Xanthine Dehydrogenase Deficiency (Xanthinuria)

Rattus norvegicus
The rare genetic disorder, Xanthinuria (also referred to as xanthine oxidase deficiency) results from a deficiency of the enzyme xanthine oxidase. This enzyme deficiency causes the accumulation of: xanthine in the plasma, uric acid in serum or hypoxanthine, uric acid and xanthine in the urine. The disorder has symptoms including arthralgia, hematuria, mental retardation, stomatisis, and urolithiasis.

PW121751

Pw121751 View Pathway
disease

Xanthine Dehydrogenase Deficiency (Xanthinuria)

Mus musculus
The rare genetic disorder, Xanthinuria (also referred to as xanthine oxidase deficiency) results from a deficiency of the enzyme xanthine oxidase. This enzyme deficiency causes the accumulation of: xanthine in the plasma, uric acid in serum or hypoxanthine, uric acid and xanthine in the urine. The disorder has symptoms including arthralgia, hematuria, mental retardation, stomatisis, and urolithiasis.

PW000487

Pw000487 View Pathway
disease

Wolman Disease

Homo sapiens
In Wolman's disease excessive amounts of cholesterol ester in the liver are present mainly in the macrophages of the reticuloendo- thelial system. The livler in Wiolman's disease contains triglyceride at 10 to 20 times the normal concentratlon, most of whilch is present in hepatocytes. The first case of Wolman's disease was published in 1956 by M. Wolman, M.D., reporting a case of a 2 month old girl who had been admitted to the Hadassah University Hospital. Lysosomal acid lipase/acid cholesteryl ester hydrolase (LAL/ACEH) plays an important role in cellular processing of plasma lipoproteins and thus contributes to both the homeostatic control of plasma lipoprotein levels and the prevention of cellular lipid overload. Wolman's Disease results from severely reduced levels of the enzyme lysosomal acid lipase/acid cholesteryl ester hydrolase.

PW121832

Pw121832 View Pathway
disease

Wolman Disease

Mus musculus
In Wolman's disease excessive amounts of cholesterol ester in the liver are present mainly in the macrophages of the reticuloendo- thelial system. The livler in Wiolman's disease contains triglyceride at 10 to 20 times the normal concentratlon, most of whilch is present in hepatocytes. The first case of Wolman's disease was published in 1956 by M. Wolman, M.D., reporting a case of a 2 month old girl who had been admitted to the Hadassah University Hospital. Lysosomal acid lipase/acid cholesteryl ester hydrolase (LAL/ACEH) plays an important role in cellular processing of plasma lipoproteins and thus contributes to both the homeostatic control of plasma lipoprotein levels and the prevention of cellular lipid overload. Wolman's Disease results from severely reduced levels of the enzyme lysosomal acid lipase/acid cholesteryl ester hydrolase.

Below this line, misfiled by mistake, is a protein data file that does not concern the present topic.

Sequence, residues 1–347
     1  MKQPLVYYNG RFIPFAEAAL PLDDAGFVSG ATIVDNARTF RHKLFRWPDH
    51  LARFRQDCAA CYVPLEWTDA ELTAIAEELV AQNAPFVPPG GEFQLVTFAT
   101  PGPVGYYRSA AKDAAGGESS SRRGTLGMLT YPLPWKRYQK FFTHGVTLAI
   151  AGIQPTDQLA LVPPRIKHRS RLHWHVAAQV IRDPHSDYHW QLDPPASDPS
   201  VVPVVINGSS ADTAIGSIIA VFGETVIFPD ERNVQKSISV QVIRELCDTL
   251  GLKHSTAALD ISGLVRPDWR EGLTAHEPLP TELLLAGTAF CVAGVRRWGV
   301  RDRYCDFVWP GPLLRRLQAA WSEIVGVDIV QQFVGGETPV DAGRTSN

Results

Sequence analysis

PW122056

Pw122056 View Pathway
disease

Wolman Disease

Rattus norvegicus
In Wolman's disease excessive amounts of cholesterol ester in the liver are present mainly in the macrophages of the reticuloendo- thelial system. The livler in Wiolman's disease contains triglyceride at 10 to 20 times the normal concentratlon, most of whilch is present in hepatocytes. The first case of Wolman's disease was published in 1956 by M. Wolman, M.D., reporting a case of a 2 month old girl who had been admitted to the Hadassah University Hospital. Lysosomal acid lipase/acid cholesteryl ester hydrolase (LAL/ACEH) plays an important role in cellular processing of plasma lipoproteins and thus contributes to both the homeostatic control of plasma lipoprotein levels and the prevention of cellular lipid overload. Wolman's Disease results from severely reduced levels of the enzyme lysosomal acid lipase/acid cholesteryl ester hydrolase.